Hybridization in the genus Phoenix: A review

Muriel Gros-Balthazard

Research output: Contribution to journalReview articlepeer-review


The genus Phoenix is composed of 14 species naturally distributed in the Old World. This genus comprises the date palm, Phoenix dactylifera L., cultivated for its fruits, the dates, while other species are grown for food, ornament and religious purposes. Phoenix species were, for these reasons, spread out of their natural distribution area. It is therefore common to find species not naturally sympatric, growing together, in cultivation or in the wild. Phoenix species are interfertile and crossing distinct species leads to fertile hybrid offspring (interspecific hybridization). The introduction of a species in the wild generates gene flows leading to the creation of new hybrids and has conservation implications. In cultivation, such crossings may be spontaneous or are the result of artificial pollination, as several reasons impel doing so. Crossing gives rise to beautiful hybrids and is also useful for the conservation of old palm groves threatened by pests. Moreover, artificial pollination of date palms using another Phoenix species can be of interest given the metaxenic pollen effects. In addition, this process may have some potential benefits in date palm improvements, by the creation of hybrid cultivars. Thus, an increasing need of hybrid detection and characterization exists, particularly as morphology alone is not sufficient for this task. Besides new methods such as traditional and geometric morphometrics that may bring new clues, the advent of genetic and molecular markers helps to detect hybrids, especially based on the combination of nuclear and chloroplastic data. The application of methods such as near-infrared reflectance spectroscopy is currently under examination to estimate their potential use for hybrid characterization.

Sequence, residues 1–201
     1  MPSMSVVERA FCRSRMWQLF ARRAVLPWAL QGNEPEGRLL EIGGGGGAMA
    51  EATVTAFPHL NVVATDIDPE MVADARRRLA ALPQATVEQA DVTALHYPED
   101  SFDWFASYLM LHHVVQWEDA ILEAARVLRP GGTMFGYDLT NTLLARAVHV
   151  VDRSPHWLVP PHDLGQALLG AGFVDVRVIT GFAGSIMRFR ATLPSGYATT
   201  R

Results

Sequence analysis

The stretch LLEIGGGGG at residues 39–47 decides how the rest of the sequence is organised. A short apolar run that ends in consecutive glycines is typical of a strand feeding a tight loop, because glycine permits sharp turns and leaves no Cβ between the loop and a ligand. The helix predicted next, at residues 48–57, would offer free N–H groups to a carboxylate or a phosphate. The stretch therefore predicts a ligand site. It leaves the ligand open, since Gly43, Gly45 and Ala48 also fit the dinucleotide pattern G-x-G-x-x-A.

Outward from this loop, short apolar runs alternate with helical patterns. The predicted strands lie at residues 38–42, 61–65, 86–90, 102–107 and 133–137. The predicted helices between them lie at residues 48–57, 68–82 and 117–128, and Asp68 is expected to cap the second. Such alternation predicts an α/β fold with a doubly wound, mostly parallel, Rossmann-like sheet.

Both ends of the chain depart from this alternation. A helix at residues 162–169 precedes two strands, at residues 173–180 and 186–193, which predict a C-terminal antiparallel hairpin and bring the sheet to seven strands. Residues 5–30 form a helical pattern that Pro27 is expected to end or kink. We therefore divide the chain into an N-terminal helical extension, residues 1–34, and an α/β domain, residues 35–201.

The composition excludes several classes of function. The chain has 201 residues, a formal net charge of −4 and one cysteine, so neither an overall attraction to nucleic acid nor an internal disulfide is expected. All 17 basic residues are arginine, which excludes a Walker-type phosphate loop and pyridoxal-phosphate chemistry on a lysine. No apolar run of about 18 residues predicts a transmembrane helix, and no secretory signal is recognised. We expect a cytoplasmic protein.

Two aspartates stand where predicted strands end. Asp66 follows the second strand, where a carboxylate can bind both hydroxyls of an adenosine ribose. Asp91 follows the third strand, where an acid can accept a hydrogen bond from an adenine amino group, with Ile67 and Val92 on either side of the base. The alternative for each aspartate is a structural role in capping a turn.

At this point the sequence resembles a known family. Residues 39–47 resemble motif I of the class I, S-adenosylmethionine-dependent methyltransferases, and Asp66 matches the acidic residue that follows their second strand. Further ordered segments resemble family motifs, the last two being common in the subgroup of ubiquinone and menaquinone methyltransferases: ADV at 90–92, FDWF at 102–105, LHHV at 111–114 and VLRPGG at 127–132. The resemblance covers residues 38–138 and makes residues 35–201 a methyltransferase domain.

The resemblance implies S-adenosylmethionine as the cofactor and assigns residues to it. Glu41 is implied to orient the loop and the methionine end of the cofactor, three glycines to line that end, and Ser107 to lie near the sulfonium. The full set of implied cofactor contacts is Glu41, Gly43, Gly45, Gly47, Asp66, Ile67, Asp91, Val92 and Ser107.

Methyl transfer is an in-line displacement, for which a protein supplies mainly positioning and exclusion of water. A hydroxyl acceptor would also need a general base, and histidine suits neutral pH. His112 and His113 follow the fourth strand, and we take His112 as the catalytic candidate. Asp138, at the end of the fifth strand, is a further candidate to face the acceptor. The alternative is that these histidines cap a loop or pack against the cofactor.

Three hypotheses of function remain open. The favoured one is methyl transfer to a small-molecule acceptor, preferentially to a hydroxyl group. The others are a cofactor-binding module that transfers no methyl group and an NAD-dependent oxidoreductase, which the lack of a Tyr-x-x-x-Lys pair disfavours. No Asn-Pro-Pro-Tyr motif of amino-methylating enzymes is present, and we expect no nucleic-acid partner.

Original languageEnglish (US)
Pages (from-to)831-842
Number of pages12
JournalEmirates Journal of Food and Agriculture
Issue number11
StatePublished - Nov 2013


  • Date palm
  • Hybridization
  • Metaxenia
  • Phoenix
  • Varietal improvement

ASJC Scopus subject areas

  • Food Science
  • Applied Microbiology and Biotechnology
  • Animal Science and Zoology
  • Agronomy and Crop Science


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